Paul K. Stetter Jr. knows his clients' biggest fear is outliving their savings. Yet, the pragmatic Ephrata, Pa.-based financial advisor doesn't mince words when telling investors how much they'll need for retirement. Helping clients stay focused on saving is how the first vice president at Fulton Financial Advisors ensures he meets clients' best interest, as well as their retirement needs.
Where do you see clients needing the most help?
PS: My clients' biggest issue is how much they need to sustain their standard of living into retirement. We've all seen changes in the last few years, and everyone wants to know if they can still get to a point where they can retire.
I tell clients they have to break needs from wants. If you can identify needs, that's what you take care of first. Then we encourage them to save more. If you get a 3% raise, put 1% away, because it's hard to scale up. It's always easier to scale back. I just had a couple in their fifties with an asset base of about $200,000 and both lost their jobs. They were still planning to save for retirement. With inflationary costs they don't have a lot of money to supplement now for retirement, they don't have a pension, and they can't start drawing on Social Security.
Do you think investors have appropriate expectations for today?
PS: They ask, 'Can I retire? I want to go sailing, and visit my grandkids in California and Arizona.' And I'll say: 'Here's the bucket you should have for travel expenses. Do you have that?' I try to be up front with clients, when I'm educating, without being belligerent. I don't think Social Security is going to be there, at least not what it looks like now. So if you don't plan your retirement early, I don't want you to call when you're 65 years old and ask if you can live with me. You've got to do something about retirement early, even if it's just saving $50 a month. You have to get the process started.
Have concerns about healthcare costs in retirement grown?
PS: I've been asked that more frequently in the last few years, and it's the longest conversation we have [with clients]. If they're looking at early retirement, and their company does not provide health insurance, they can COBRA for 18 months, but then they have to buy their own policy. And where are those premium payments going to come from? Clients also ask about long-term care, particularly if they're going through that with parents. If they've experienced it and seen how it depletes savings, it's not a hard conversation. The hard conversation is how to fund it. One lady said she was going to give her money away to her children and then have the state take care of her—and she's a doctor.
Do clients focus on their retirement income needs, as well as retirement planning?
PS: I tell clients that when they hit the distribution stage, not to come to me just six months before they want to retire. We should be planning five years out, as those are critical times to start ramping up what they may need, and to see if they can put more money away. Hopefully by then debts are minimal, and they're empty nesters with kids out of the home. So I give them homework, and tell them to do a budget, which we back into with Social Security and then assets. If they see on paper—whether the situation is good or bad, or if they can or can't retire when they want to—then it's more meaningful.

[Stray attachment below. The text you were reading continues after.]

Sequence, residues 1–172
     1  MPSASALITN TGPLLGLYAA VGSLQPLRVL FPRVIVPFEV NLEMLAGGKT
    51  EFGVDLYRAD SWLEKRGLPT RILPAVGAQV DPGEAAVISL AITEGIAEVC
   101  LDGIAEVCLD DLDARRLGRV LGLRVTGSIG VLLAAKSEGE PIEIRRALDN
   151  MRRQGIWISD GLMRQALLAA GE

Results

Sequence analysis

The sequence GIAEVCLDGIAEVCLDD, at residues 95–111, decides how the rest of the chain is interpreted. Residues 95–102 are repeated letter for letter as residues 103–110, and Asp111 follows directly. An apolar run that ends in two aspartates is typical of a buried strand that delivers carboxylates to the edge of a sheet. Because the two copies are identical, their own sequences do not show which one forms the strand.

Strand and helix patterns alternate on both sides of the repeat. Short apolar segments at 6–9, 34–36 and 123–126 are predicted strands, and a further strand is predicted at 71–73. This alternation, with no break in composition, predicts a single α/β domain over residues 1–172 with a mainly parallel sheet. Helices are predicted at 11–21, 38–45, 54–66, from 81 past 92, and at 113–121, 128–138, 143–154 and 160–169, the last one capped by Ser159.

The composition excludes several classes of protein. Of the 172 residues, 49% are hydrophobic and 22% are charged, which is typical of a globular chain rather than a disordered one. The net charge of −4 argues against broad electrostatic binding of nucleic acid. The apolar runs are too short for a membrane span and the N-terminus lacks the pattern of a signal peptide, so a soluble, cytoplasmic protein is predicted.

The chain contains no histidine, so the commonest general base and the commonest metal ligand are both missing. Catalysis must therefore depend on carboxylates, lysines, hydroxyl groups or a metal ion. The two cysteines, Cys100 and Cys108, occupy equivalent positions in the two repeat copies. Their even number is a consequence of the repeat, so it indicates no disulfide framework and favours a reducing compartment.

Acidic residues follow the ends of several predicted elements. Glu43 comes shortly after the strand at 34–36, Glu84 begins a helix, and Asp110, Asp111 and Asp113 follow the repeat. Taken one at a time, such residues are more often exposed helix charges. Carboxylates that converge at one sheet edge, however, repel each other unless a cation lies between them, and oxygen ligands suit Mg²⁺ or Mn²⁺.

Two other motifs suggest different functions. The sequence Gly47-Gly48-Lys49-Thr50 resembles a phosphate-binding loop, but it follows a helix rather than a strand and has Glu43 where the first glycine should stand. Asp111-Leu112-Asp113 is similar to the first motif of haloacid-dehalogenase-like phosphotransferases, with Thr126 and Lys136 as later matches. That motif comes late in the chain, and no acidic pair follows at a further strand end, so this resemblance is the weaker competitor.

How have you changed your investment strategy in the past few years?
PS: I'm a big proponent of non-correlated asset classes. Not that buy- and-hold is dead, but I believe there's a more tactile approach that people are looking for in their accounts in general. I've tried to use a non-blinder approach, where I'm more open-minded, giving clients a couple of options. I like commodities, inflation-protected securities, real estate and managed futures. And in the past year or so I've added structured products. The way I structure my practice—I'm not trying to hit a home run, I'm trying to hit singles and doubles, and manage risk.
Where do you think advisors could improve when working with clients?
PS: Financial advisors tend to be very technical and analytical. I think we could do a better job listening, and bringing the process down to a basic level so that people understand. I'll explain something two to three times and take the extra 15 minutes. I know they're not going to remember everything when they come here, but I try.
Have more clients asked to contact you over social media?
PS: We're finalizing our website, which is a huge start for us. I have an account on LinkedIn, but I don't get anything off it and I've never done Twitter. I feel that if you want me, you call me. I don't mind a text, and I've definitely had more people email and text than ever before, particularly younger clients. But older clients still like that face-to-face conversation.